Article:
I thoroughly enjoyed many World Cup games this past month in Brazil. I was a big fan of the NHL as a kid and quickly understood the importance of precision passing, tight defense and sharp goaltending. A 1-0 game can be a brilliant contest if those three aspects of a hockey game were executed well. The same goes for soccer. A low scoring game does not necessarily mean boring. But an NHL hockey rink is 85 feet by 200 feet, and a soccer field can be as large as 300 feet by 390 feet. In hockey if you don’t have a man advantage it’s usually not easy to keep the puck away from your opponent, the size of the rink encourages engagement. In soccer, a sharp passing team with a goal or more advantage versus a weak defense well they may as well be playing Salugi. What’s that’s? Salugi is a keep-away game in which children throw around an object with the aim of keeping it away from a particular child (often the owner of the object).
In 1969, I was spending half my time in Yorkville, and half my time in Sunnyside, Queens. This was the same year Panasonic came out with a $39 portable record player/radio combo. Well, Tina Fridheim had one, and Artie Peters and I thought it was a great idea to play Salugi with it on 83rd Street. Unfortunately, we started the game near my curfew. I had to be home in Sunnyside by 11pm. We moved the game off the block and started working our way up to the subway stop on Lexington and 86th Street with Tina and her girlfriends trailing after us trying to get the record player back, but we’d have none of that. Throwing it back and forth, nice and high, over the parked cars we almost dropped it several times, impressing the heck out of each other with tremendous catches. At the subway station we went down the stairs to the local #6 level and I passed it to Artie one last time. After putting my token in the turnstile, I went down one more flight of stairs so I could be half way between the local and express platforms. Waiting there, I was semi-aware Artie was still playing the game without me – running away from the girls chasing him around the token booth. Once or twice, he faked throwing the record player down to me over the railing. And then he’d disappear out of my sight. I heard an express train coming and flew down the staircase. Behind me, I heard plastic and metal exploding as the record player hit the concrete platform. Artie did not fake that time. What could I do?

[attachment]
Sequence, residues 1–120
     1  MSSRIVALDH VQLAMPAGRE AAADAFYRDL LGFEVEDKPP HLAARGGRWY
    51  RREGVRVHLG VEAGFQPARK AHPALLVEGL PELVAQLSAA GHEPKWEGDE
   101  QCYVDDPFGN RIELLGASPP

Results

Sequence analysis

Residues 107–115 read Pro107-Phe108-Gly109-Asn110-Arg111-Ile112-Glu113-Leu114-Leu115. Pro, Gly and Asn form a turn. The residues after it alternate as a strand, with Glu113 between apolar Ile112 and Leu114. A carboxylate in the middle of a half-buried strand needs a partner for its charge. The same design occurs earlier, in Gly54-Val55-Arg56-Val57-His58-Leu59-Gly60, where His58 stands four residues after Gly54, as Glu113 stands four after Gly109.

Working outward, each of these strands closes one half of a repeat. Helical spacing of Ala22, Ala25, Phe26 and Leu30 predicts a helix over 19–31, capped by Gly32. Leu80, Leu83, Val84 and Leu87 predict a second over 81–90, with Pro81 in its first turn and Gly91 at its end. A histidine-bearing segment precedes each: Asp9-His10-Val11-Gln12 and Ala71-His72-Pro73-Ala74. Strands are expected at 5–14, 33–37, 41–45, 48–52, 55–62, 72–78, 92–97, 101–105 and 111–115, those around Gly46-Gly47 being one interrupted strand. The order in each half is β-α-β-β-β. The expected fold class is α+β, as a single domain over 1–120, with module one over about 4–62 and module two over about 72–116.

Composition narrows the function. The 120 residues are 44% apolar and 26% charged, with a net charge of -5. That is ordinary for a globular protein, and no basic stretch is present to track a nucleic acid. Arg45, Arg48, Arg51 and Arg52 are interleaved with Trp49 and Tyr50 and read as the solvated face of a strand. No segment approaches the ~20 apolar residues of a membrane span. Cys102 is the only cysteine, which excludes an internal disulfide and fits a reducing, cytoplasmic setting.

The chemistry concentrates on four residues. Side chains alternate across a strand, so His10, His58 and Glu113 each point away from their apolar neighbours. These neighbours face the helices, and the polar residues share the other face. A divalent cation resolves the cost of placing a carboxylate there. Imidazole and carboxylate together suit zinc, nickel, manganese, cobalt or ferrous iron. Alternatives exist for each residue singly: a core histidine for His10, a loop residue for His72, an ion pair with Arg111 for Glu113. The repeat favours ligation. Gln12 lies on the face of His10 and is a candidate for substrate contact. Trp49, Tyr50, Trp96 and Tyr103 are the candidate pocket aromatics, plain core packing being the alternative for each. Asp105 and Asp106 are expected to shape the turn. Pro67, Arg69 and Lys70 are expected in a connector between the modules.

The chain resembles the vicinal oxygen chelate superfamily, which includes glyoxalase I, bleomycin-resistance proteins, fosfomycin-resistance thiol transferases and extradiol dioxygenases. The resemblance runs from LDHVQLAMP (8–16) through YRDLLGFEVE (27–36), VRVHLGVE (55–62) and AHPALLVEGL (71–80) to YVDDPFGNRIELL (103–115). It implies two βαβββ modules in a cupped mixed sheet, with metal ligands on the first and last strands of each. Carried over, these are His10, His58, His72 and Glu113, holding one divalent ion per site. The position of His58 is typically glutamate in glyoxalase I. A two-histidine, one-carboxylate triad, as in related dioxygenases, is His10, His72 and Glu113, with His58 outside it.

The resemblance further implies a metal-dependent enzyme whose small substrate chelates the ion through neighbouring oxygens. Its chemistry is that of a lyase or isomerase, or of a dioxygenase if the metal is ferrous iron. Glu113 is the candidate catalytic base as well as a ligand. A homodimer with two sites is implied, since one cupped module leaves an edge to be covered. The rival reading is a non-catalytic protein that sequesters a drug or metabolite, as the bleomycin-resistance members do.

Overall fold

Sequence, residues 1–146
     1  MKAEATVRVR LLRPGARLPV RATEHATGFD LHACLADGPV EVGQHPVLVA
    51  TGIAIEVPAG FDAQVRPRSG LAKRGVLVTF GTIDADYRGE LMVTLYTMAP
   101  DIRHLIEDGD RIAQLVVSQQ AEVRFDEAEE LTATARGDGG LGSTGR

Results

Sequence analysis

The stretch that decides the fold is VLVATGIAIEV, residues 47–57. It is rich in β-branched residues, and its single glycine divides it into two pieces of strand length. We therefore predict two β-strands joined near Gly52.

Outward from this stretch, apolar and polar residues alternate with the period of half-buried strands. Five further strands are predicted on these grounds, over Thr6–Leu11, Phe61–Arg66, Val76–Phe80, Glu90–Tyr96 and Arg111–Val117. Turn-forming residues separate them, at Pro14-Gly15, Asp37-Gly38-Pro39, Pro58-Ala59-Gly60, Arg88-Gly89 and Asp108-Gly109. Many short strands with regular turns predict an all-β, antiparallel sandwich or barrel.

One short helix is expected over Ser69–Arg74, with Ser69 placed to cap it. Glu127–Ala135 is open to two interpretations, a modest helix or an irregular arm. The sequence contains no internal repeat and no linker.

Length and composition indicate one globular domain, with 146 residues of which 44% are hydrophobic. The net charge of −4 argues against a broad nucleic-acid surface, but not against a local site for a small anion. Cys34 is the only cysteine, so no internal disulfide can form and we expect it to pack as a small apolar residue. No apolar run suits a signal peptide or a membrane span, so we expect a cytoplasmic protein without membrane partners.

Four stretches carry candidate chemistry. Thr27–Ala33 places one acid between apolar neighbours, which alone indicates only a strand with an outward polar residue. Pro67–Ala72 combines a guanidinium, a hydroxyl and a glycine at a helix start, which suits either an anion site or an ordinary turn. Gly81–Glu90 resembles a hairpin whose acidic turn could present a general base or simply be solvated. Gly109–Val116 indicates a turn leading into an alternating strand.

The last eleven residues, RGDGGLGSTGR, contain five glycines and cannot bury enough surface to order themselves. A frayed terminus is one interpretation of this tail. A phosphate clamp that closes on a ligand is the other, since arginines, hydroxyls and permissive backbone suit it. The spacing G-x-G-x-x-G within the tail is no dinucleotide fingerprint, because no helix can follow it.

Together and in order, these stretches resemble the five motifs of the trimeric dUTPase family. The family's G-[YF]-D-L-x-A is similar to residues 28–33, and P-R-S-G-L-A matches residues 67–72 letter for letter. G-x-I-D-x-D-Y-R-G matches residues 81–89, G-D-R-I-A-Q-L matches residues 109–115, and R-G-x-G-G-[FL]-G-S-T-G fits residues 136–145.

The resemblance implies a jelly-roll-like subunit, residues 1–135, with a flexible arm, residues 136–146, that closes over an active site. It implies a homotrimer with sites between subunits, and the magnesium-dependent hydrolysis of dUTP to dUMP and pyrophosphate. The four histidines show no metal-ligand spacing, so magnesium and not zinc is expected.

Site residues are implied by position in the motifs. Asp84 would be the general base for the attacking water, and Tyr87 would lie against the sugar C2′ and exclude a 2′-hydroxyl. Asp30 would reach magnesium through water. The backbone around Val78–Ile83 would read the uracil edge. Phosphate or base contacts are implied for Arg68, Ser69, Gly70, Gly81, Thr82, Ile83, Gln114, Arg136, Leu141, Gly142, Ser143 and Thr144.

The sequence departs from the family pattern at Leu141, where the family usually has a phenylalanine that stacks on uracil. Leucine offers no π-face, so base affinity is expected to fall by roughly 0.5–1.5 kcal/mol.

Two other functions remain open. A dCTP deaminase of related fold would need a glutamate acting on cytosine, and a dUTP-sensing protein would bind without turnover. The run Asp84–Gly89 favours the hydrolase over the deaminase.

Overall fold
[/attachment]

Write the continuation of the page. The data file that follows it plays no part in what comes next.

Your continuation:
I caught the train, went to 42nd Street, got the #7 to Sunnyside’s 46th Street/Bliss Street stop. When I walked into my Skillman Avenue apartment, Mom with a puss on was waiting for me with great news:
Tina called my grandmother from the Chapman’s house (the other girls with Tina), then my grandmother called my Mom and let her know what we did. The next Saturday, I worked 12 hours for free for Milton and Marty at the Corner Pharmacy on 79th Street and York. My earnings, twenty bucks, went towards half of Tina’s new Panasonic portable radio/record player.
ps small photo on top: Artie Peters & I, Local #6 subway train, 1969
Thomas Pryor’s blog: Yorkville: Stoops to Nuts
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